The shatter story would have made a good puppet show, though. Law enforcement and media puppets pick out a cannabis concentrate that’s been around for a couple of years, and declare it new. They turn their declaration into a media bomb that sends shards of scary messages straight to the hearts of parents with little experience of cannabis. They limit subsequent message making to law enforcement puppets, and director puppets of ‘substance abuse’ programs, allowing a single brief statement each to an activist puppet and a doctor puppet. But the bomb fizzles and splutters. Indeed, from the looks of it, the prohibition puppets of the day have begun a new project based on their new, special 2016 prohibition calendar. It’s way more dangerous than cannabis oil. It goes: Week One. Raid medical dispensaries. Week Two. Rave about shatter; repeat ad nauseum: This is not the weed of your grandpa’s youth. Week Three. Issue the warning of a legal expert, claiming that Canada will soon be in contravention of international drug law. Week Four. More evil, yet to be announced.
On the matter of humour, though, I have to say that there is one standard cannabis comedy routine that I really dislike. That’s the one in which tokers dissolve into peals of hysterical laughter over nothing at all. We get that in the film, Amazing Grace, about a middle-aged widow who takes to growing weed to remain financially solvent. We get it lots of other ‘funny’ cannabis films—even Reefer Madness. Where did this stereotype originate? I rather suspect it comes from reports on the ‘medical’ and government experiments conducted on cannabis use. If I found myself suitably elevated, but facing guys in white lab coats bearing clipboards, I’d start laughing too. That’s a funny scene. In any other setting, you don’t meet with hysteria. You get good conversation, though.
Still another fine formula, and an excellent way to be conversationally interesting, relevant, and funny all at the same time, is to engage in guerilla theatre. Canadians got a nice taste of this practice past week when activist Dana Larsen sent a copy of his recently published, Cannabis in Canada: the Illustrated History, to each Liberal Member of Parliament, every book accompanied by a gram of bud. We live in interesting times. No one’s quite sure yet what is happening on the legalizing front. There’s tension. The book and the bud have placed some extra weight on the pressure points. One MP expressed thanks. But several others called the RCMP, no less, to come and pick up both the bud and the book. Go figure. For some Liberals it appears to be too soon for gracious humour. Activists and sympathizers, therefore, are going to have to lead the way. In the interim, the RCMP and legal counsel are busy taking the public pulse. Is this serious? Is it funny, maybe? If they charge Larsen, are they going to look ridiculous? Will the judges be able to keep a straight face? For power addicts, there’s no worse poison than looking ridiculous.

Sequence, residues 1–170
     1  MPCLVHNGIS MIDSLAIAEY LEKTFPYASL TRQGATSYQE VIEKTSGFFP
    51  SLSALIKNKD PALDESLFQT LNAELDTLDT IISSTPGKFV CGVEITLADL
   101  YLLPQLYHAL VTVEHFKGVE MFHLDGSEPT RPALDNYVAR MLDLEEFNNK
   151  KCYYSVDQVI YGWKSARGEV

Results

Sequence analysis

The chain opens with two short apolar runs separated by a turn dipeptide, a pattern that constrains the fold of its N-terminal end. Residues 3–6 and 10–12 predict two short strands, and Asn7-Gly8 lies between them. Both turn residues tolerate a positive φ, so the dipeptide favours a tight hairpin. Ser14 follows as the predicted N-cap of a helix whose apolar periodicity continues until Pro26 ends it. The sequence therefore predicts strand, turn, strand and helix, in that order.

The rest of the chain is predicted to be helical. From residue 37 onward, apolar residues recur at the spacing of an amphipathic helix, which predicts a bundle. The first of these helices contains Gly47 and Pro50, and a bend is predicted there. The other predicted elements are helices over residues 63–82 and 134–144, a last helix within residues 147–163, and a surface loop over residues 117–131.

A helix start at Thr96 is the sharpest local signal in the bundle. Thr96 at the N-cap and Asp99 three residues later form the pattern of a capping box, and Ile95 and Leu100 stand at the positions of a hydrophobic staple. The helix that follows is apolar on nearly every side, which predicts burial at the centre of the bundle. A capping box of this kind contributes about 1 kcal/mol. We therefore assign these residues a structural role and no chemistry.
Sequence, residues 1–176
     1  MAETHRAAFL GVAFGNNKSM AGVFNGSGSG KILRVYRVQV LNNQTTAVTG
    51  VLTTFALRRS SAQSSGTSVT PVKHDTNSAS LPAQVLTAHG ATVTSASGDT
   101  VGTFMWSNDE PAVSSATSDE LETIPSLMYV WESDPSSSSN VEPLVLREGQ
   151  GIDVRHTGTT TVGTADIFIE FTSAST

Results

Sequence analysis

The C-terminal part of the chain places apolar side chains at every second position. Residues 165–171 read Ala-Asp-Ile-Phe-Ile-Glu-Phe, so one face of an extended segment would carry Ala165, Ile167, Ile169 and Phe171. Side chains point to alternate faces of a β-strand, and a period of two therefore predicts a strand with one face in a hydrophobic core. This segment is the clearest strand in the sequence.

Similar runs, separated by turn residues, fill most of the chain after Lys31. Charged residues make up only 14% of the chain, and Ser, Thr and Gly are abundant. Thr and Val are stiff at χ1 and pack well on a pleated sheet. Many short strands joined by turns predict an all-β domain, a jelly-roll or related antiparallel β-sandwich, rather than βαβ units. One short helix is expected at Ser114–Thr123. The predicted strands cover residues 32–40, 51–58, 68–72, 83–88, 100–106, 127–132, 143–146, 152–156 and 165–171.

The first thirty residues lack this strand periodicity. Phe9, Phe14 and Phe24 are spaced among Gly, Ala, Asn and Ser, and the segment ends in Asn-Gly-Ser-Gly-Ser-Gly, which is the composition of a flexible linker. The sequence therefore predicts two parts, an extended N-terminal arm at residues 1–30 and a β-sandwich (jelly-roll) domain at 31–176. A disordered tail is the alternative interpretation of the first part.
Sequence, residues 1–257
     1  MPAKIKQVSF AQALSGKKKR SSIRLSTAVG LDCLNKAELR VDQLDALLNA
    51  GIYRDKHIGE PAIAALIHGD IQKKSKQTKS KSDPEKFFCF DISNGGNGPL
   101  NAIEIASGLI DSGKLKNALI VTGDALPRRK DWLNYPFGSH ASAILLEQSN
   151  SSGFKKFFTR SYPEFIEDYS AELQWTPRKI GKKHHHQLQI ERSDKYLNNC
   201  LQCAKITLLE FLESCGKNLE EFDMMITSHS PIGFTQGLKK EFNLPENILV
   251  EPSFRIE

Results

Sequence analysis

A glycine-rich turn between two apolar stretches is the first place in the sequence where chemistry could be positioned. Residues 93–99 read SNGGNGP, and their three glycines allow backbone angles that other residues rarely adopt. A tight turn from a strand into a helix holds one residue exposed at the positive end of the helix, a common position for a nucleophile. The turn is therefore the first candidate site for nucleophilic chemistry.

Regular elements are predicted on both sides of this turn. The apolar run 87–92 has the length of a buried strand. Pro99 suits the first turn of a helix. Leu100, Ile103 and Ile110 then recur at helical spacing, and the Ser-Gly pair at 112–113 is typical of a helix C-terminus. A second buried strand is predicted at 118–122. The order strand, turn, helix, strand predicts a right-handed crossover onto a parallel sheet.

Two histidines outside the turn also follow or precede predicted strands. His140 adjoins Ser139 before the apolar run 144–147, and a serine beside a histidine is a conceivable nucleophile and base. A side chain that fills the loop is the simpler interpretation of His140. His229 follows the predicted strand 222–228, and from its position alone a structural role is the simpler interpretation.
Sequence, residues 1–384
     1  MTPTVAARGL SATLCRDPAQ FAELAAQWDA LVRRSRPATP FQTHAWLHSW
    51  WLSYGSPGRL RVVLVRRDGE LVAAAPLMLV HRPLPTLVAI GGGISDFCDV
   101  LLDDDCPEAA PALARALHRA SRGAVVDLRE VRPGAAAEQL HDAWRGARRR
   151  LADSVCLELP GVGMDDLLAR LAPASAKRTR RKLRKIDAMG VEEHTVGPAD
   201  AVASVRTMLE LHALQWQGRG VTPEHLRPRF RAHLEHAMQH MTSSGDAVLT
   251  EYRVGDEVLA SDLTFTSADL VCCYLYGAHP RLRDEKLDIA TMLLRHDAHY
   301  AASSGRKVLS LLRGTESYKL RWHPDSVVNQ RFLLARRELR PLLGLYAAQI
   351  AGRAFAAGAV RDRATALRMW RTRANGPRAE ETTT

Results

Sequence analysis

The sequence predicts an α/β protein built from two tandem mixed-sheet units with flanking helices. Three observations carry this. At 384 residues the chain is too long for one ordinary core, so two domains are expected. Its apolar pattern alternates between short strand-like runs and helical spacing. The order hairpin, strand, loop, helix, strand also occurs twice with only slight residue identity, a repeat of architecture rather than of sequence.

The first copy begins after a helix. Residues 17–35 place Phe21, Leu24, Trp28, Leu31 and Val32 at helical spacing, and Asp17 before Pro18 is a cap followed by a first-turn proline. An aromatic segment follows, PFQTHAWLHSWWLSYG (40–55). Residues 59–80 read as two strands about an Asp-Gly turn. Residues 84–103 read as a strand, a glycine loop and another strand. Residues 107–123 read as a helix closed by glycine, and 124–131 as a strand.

We have to have sympathy for the politicians, though. The fact remains, not all jokes can be funny in all settings. Think about this musician joke, for example. Question: Why is a flattened snake on the highway more tragic than a flattened trombone player? Answer: The snake might have been on the way to a recording session. Why is this funny? Do we hate trombone players? No. It’s quite the opposite. Society loves musicians, and we recognize that it’s a tough slog making a living as one. That’s the key point. Try replacing flattened trombone player with flattened cannabis fan, or activist, or grower. Then replace ‘recording session’ with job interview, work, or anything useful. Now it’s not funny at all because in this world, too little of society has much love for cannabis activists. They’re still called lazy corrupters of youth.
Despair not, however. Somewhere in the not too far off distance I detect the faint glimmer of at least a more general ‘like.’ Cannabis cures will be an essential part of that glimmer, as more people hear about those every day. Beyond those, in my view, the culture needs more art. In particular, it needs widespread, beautifully painted, drawn, or sculpted images depicting cannabis plants, growers, medicine makers, and patients. It needs masses of cannabis art shows, travelling and local, and soaring, award winning literary fiction. It needs beautiful filmmaking. It needs new styles of comedy. And with that sentiment, I conclude today’s musings. I would like to conclude it, though, with a homework assignment, if such a thing is permitted. Or maybe I should just call it an invitation. If you can, go and watch a Lebanese comedy/drama called: Where Do We Go Now? It’s recent. It’s timely. It’s available on Netflix, and other such sources. And it has some novel cannabis comedy. The women activists will love it, and the menfolk will like it too.